Past events include the end of the Carboniferous Rainforest Collapse, Younger Dryas, Dansgaard-Oeschger events, Heinrich events and possibly also the Paleocene–Eocene Thermal Maximum.

Clathrate gun hypothesis

destabilise the environmentdissociationlarge releases of underwater methane
At one point there seemed to be stronger evidence that runaway methane clathrate breakdown may have caused drastic alteration of the ocean environment (such as ocean acidification and ocean stratification) and of the atmosphere over timescales of tens of thousands of years during the Paleocene–Eocene Thermal Maximum 56 million years ago, and most notably the Permian–Triassic extinction event, when up to 96% of all marine species became extinct, 252 million years ago.

Coccolithophore

coccolithophoridcoccolithophorescoccolithophorids
However, the strong acids used to simulate the natural increase in acidity which would result from elevated concentrations may have given misleading results, and the most recent evidence is that coccolithophores (E. huxleyi at least) become more, not less, calcified and abundant in acidic waters.
Of particular interest are fossils dating back to the Palaeocene-Eocene Thermal Maximum 55 million years ago.

Methane clathrate

methane hydratemethane hydratesmethane ice
The most obvious feedback mechanism that could amplify the initial perturbation is that of methane clathrates.
Events possibly linked in this way are the Permian-Triassic extinction event and the Paleocene-Eocene Thermal Maximum.

Climate sensitivity

Equilibrium climate sensitivity50% increase in atmospheric CO2are net positive
The Paleocene–Eocene Thermal Maximum provides a good opportunity to study the climate system when it is in a warm state.

Azolla event

800,000 years of arctic azolla bloomsa particularly swift reduction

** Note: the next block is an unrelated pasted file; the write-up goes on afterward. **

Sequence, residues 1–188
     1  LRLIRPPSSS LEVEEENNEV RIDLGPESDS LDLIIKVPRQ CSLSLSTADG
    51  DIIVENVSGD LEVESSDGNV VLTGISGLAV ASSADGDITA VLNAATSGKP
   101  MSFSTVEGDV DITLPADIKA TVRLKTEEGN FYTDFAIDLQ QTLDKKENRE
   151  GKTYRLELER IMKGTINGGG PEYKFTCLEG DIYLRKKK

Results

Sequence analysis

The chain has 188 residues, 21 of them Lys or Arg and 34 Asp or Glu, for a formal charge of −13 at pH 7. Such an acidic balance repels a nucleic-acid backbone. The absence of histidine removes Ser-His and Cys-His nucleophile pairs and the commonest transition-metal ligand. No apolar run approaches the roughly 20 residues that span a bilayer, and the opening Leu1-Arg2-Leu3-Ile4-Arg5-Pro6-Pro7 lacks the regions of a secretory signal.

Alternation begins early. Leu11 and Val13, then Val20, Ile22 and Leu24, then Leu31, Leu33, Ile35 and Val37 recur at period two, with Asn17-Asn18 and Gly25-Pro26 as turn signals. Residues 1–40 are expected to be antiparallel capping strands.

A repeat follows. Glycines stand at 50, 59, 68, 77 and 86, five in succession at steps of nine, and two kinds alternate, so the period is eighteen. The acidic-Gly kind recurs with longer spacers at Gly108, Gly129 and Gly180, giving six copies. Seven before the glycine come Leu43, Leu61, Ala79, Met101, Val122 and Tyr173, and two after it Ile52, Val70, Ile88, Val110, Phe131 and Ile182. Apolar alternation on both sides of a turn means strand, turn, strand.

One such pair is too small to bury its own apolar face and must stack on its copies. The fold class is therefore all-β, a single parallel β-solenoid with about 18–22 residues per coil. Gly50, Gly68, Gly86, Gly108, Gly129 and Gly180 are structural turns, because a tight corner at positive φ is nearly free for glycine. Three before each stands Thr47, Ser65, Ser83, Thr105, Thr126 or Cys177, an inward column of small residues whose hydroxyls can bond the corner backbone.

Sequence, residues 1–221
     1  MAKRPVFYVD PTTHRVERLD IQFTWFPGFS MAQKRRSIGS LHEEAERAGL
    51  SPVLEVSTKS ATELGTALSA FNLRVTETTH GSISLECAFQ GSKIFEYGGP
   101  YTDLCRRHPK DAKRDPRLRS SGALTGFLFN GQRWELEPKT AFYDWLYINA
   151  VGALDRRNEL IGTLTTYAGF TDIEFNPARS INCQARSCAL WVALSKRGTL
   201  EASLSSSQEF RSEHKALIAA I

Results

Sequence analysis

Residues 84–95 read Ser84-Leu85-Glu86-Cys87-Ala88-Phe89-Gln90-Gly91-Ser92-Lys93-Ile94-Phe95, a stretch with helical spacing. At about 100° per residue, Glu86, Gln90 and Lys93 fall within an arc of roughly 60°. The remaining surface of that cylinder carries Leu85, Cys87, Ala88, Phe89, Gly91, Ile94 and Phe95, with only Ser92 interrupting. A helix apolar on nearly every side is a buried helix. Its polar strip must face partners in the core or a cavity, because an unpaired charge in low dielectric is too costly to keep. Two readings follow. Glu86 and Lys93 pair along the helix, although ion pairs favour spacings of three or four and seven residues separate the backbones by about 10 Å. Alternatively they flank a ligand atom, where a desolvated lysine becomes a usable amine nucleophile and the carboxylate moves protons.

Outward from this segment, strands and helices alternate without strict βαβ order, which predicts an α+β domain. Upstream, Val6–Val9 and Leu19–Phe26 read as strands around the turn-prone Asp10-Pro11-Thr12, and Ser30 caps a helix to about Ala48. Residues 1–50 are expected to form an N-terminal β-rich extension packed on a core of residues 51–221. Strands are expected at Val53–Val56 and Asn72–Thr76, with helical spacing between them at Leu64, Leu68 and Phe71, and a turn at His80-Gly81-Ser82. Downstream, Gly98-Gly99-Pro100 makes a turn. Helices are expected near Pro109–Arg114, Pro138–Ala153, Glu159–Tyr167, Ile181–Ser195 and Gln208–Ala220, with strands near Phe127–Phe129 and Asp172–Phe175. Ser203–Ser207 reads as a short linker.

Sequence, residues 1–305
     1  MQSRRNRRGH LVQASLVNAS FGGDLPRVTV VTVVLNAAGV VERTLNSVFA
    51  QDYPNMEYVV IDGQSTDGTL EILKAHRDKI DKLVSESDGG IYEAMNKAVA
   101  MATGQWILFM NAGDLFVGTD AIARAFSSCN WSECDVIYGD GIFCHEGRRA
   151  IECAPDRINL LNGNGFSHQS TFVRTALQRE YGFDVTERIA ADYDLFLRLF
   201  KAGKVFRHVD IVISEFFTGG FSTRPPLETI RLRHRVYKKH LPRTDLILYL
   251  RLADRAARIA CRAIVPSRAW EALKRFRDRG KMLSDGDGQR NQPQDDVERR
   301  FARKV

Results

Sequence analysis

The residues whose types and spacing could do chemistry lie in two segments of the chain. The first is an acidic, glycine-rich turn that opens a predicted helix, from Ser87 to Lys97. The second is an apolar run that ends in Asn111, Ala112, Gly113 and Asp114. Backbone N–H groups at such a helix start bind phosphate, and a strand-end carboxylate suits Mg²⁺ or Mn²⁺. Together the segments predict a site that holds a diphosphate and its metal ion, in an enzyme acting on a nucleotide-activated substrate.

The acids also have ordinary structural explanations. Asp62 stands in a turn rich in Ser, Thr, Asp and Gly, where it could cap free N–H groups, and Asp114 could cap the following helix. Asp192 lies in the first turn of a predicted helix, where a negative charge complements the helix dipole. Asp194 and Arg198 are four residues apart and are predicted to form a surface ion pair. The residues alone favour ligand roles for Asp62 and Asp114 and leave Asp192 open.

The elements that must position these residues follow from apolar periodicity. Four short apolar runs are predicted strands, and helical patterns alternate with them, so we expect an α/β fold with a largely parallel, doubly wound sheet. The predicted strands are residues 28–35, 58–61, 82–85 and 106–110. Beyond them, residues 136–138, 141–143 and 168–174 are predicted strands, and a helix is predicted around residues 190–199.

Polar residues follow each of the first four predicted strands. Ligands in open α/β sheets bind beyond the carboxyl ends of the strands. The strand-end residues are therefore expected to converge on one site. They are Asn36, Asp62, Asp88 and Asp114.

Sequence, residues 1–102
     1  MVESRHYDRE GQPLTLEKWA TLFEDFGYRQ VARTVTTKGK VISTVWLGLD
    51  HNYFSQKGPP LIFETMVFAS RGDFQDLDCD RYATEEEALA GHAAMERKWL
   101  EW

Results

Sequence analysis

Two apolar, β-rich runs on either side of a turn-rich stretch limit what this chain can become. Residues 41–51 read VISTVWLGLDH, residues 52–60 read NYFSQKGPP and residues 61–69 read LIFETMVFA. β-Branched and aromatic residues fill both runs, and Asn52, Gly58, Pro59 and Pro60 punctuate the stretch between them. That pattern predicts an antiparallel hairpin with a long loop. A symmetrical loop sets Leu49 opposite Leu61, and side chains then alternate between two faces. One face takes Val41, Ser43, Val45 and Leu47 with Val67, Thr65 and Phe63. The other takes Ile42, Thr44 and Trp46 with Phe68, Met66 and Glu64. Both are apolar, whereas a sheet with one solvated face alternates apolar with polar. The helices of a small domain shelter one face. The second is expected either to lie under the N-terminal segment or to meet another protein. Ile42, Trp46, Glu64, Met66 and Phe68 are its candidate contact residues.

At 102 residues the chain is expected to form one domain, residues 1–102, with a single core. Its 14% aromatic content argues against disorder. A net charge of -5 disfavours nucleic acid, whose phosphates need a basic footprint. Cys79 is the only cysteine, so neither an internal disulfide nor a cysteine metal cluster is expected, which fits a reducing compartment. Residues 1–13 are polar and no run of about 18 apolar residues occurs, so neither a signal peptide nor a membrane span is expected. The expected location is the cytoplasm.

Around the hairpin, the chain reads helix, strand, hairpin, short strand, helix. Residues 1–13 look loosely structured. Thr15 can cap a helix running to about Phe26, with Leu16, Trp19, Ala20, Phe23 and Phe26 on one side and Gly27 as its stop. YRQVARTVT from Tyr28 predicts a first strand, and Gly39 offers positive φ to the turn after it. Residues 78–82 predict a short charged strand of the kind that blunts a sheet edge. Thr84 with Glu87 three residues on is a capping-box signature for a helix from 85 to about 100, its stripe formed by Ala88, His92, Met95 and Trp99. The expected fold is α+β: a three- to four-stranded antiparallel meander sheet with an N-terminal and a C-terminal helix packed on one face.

* Paleocene-Eocene Thermal Maximum

Epoch (geology)

epochepochsgeological epoch
This climate event occurred at the time boundary of the Paleocene and Eocene geological epochs.

Carbon cycle

carboncarbon cyclingglobal carbon cycle
The onset of the Paleocene–Eocene Thermal Maximum has been linked to volcanism and uplift associated with the North Atlantic Igneous Province, causing extreme changes in Earth's carbon cycle and a 5 °C temperature rise.

Stable isotope ratio

stable isotopestableisotope ratio
The period is marked by a prominent negative excursion in carbon stable isotope ([[δ13C|]]) records from around the globe; more specifically, there was a large decrease in 13 C/ 12 C ratio of marine and terrestrial carbonates and organic carbon.

Carbon-12

12 CCarbon 12Hoyle state
The period is marked by a prominent negative excursion in carbon stable isotope ([[δ13C|]]) records from around the globe; more specifically, there was a large decrease in 13 C/ 12 C ratio of marine and terrestrial carbonates and organic carbon.

Carbonate

carbonatescarbonaceousCO 3
The period is marked by a prominent negative excursion in carbon stable isotope ([[δ13C|]]) records from around the globe; more specifically, there was a large decrease in 13 C/ 12 C ratio of marine and terrestrial carbonates and organic carbon.